Lunar New Year provides multiple ways to celebrate


Graphic by Isabella Kneeshaw.

Zelda Zamora-Villa, Staff Writer

Among East and Southern Asian cultures, the Lunar New Year is one of the most important celebrations. Over many days, Chinese, Vietnamese and Korean communities celebrate the beginning of spring and honor their ancestors. The year typically begins with the first moon that occurs between Jan. 21 and Feb. 20. This year, Lunar New Year began on Jan. 22. 

The traditions people celebrate in different cultures can vary depending on background. Tualatin High School student Lola Chin, who takes part in both Chinese and Korean cultures, shared some of her insight on how she celebrates the holiday. She celebrates both the Lunar New Year and Seollal, which is the Korean New Year, as well as Jan. 1, which is considered the “Western” New Year and follows the Gregorian calendar. 

Chin celebrates by having a party with her family with a lot of red decorations as well as dragon imagery. The color red symbolizes luck, joy and happiness. Chin’s family wears traditional clothing, such as Chinese dresses called Cheongsam and Korean dresses called Hanbok. Chin’s favorite part of the holiday is the tradition of hóngbāo, which are red envelopes filled with money given to young children or unmarried relatives.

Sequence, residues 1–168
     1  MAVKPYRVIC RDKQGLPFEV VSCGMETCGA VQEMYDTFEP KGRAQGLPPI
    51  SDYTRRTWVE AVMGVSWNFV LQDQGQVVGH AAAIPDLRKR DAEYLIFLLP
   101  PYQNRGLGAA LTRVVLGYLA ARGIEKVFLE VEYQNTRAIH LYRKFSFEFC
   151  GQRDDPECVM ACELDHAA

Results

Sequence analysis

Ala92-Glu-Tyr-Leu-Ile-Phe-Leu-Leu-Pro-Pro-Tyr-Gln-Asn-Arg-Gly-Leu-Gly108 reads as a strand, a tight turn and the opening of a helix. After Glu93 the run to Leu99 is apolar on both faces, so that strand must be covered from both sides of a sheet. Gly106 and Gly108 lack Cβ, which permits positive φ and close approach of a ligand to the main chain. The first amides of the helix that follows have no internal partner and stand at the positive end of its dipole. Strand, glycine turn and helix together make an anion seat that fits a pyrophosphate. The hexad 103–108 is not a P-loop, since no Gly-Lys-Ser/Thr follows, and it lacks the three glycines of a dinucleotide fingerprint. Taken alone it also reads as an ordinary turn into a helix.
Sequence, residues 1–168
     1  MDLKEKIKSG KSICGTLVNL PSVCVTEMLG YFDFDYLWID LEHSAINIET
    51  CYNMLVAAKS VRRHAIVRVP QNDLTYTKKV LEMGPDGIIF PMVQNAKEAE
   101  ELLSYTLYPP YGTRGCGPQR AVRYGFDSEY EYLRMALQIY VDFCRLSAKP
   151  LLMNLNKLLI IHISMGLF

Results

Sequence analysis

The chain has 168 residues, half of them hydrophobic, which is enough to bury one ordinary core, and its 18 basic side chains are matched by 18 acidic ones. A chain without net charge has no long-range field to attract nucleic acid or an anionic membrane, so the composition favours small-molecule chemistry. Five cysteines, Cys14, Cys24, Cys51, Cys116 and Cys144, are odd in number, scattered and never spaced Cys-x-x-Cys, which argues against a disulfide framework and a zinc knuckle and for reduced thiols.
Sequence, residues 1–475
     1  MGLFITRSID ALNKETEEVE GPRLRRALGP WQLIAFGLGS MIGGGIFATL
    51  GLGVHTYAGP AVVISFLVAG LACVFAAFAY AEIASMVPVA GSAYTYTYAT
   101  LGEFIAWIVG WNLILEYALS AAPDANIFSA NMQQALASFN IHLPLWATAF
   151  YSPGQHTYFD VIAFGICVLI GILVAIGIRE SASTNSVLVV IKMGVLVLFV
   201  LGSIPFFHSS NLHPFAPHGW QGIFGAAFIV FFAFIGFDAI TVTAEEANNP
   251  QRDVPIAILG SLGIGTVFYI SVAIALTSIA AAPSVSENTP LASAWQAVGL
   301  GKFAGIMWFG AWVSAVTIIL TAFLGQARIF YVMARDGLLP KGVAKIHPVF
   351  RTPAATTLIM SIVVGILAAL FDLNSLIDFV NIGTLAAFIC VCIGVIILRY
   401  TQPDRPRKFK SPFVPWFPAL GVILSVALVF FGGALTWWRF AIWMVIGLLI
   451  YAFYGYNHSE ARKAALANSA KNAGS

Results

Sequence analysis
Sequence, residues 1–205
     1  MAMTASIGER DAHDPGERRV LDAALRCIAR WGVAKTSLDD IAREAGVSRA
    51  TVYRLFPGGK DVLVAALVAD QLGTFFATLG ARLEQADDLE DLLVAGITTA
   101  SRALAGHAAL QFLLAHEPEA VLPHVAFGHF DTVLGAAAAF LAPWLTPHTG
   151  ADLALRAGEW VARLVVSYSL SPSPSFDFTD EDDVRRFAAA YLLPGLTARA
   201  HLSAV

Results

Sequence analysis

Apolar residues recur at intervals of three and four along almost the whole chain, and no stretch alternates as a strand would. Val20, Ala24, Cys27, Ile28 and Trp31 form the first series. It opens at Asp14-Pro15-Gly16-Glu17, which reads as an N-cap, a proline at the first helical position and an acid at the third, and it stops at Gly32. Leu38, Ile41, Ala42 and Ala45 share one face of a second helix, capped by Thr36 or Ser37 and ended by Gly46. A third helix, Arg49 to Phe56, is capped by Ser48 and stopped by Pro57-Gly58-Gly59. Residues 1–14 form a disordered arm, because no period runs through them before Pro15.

Her family eats a combination of Chinese and Korean foods, her favorites being bulgogi, which is Korean beef, tteokbokki, which are Korean rice cakes, some type of dumplings or mandu, sticky rice balls and peking duck. 

An important part of the Lunar New Year is zodiac animals. Every Lunar New Year can be represented by one of 12 zodiac animals: the rat, ox, tiger, rabbit, dragon, snake, horse, sheep, monkey, rooster, dog and pig. Not only are there zodiac animals, but there are elements that correspond with the animals: earth, water, fire, wood and metal. This year is the year of the rabbit, which we haven’t had in 12 years. The last year of the rabbit was in 2011. 

Each tradition symbolizes prosperity, abundance and togetherness. Some households will thoroughly clean before the new year to get rid of negative spirits that could have been collected during the past year. Cleaning opens space for goodwill and good luck. 

Different cultures all have different ways of greeting each other during the holiday celebration. In Mandarin, people say, “Xīnnián hǎo,” as a way to wish family and friends a good new year. It means, “Good New Year.” A way to wish a happy new year can be, “Xīnnián kuàilè.” In Korea, South Koreans say, “May you receive lots of luck in the new year” by saying, “Saehae bok mani badeuseyo.” 

Although there are many different ways to celebrate, some traditional and some not, the beauty of this prosperous holiday will always shine through.